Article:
Calumet has started a routine turnaround at its API Group I and Group II unit in Shreveport, Louisiana, which is expected to be completed by the end of the month. HollyFrontier has also begun a turnaround at its Group I plant in Tulsa, Oklahoma. The plant was expected to remain off-line for approximately thirty days. Both producers will be meeting contract commitments during the turnarounds, but did not anticipate extra availability for some time.

Buyers that typically seek spot shipments from these producers have turned to other suppliers for cargoes, but most producers report sold-out positions. A couple of Group II producers were heard to have a limited amount of spot availability, but were expected to ship these barrels to India or Latin America. There are rumblings of Middle East Group I cargoes being offered into Latin America as well, but it could not be confirmed whether the numbers would be workable.

Brazil has attracted more U.S. exports over the last year, particularly as local production has slowed down, while lubricant manufacturing activities picked up during the second half of the year, once pandemic-related restrictions had been lifted.

A couple of United States cargoes have reportedly been finalized for shipment to India this month. Some parcels of light grades were also expected to move to Mexico to be used for fuel blending.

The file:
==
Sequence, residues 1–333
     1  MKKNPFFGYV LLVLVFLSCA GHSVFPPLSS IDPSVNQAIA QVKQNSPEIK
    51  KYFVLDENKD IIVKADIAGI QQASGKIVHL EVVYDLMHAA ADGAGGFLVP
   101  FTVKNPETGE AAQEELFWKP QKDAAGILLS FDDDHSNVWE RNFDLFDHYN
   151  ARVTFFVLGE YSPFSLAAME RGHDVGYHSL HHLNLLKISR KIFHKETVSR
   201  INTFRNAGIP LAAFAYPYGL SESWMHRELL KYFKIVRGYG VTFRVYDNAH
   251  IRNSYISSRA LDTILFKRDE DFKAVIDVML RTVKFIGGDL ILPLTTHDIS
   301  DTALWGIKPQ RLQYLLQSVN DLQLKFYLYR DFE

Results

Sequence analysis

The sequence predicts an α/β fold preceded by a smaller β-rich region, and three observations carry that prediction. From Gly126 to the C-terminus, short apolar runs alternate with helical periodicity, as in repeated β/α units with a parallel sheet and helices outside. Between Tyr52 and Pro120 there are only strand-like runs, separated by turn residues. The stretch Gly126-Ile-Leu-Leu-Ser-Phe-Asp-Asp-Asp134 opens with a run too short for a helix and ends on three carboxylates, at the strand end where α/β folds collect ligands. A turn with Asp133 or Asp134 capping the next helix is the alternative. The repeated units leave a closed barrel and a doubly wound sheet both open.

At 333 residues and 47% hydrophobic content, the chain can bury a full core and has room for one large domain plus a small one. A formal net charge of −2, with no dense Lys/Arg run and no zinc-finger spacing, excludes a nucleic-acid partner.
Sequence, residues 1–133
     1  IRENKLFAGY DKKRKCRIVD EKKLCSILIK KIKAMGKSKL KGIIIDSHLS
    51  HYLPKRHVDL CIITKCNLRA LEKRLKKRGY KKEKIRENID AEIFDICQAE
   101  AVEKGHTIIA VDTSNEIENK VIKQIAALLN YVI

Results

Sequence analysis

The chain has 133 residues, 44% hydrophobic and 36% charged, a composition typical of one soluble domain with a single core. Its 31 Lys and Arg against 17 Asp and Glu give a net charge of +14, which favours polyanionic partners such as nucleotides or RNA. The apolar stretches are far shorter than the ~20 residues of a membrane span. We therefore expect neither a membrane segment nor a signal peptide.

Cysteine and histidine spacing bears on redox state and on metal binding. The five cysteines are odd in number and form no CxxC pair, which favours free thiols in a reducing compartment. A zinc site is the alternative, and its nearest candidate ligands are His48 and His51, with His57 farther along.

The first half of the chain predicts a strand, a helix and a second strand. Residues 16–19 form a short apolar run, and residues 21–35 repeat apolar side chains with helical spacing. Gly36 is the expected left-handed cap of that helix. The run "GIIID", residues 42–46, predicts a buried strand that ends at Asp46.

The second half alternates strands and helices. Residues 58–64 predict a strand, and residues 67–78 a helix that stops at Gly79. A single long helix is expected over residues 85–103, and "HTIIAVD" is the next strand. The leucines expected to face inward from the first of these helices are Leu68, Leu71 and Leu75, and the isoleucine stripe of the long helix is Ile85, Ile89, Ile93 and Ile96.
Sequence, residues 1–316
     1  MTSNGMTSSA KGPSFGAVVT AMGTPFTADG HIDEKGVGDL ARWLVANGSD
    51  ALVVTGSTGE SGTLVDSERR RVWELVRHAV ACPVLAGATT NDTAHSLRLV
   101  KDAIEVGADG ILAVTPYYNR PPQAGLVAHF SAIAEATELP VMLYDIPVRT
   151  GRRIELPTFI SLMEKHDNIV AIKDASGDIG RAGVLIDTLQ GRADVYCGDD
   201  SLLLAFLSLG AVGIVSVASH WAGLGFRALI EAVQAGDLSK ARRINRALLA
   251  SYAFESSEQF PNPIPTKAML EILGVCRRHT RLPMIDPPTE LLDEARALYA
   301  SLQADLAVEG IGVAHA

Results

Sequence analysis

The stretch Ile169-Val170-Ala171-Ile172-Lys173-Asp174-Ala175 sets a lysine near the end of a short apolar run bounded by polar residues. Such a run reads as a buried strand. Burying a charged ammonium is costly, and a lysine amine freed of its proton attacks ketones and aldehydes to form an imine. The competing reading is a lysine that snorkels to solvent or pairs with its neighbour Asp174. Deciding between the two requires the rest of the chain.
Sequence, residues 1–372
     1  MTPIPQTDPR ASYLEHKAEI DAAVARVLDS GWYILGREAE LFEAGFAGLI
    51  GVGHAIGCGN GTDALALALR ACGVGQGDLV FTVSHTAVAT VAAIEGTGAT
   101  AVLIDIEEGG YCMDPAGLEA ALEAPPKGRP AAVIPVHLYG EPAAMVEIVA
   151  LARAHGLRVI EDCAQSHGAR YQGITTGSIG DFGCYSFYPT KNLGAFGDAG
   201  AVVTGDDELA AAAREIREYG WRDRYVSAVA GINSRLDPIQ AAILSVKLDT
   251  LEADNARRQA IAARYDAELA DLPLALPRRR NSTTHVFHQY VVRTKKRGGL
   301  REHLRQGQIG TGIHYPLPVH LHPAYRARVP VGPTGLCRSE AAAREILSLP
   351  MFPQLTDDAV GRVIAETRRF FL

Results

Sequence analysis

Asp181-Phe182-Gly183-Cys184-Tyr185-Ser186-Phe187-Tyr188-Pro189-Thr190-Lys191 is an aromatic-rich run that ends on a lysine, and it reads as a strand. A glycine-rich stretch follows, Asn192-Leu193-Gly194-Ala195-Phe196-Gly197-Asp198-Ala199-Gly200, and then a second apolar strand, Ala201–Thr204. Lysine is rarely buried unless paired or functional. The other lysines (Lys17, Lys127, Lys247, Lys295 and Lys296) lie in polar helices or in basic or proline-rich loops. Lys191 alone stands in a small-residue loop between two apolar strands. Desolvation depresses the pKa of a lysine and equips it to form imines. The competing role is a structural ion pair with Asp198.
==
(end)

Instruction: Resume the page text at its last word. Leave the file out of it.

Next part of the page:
Imported Group III supplies have been strained as well, given healthy demand, upcoming turnarounds in Asia and ongoing reduced operating rates at a Middle East unit due to feedstock supply issues, according to sources.

Given the current supply tightness, a number of base stock buyers who typically rely on spot shipments have opted for securing product under contract for the next several months to avoid potential product shortages and rising prices.

On the naphthenic side, similar conditions reigned in that few producers had extra availability. An ongoing turnaround and upcoming maintenance at two plants were exacerbating the supply constraints.

San Joaquin Refining has started annual maintenance at its Bakersfield, California, refinery. The unit was expected to be off-line from approximately Feb. 1 to Feb. 15 and customers were likely to be on allocation from mid-January through the end of February. The producer had prepared inventories ahead of the turnaround to meet contract commitments.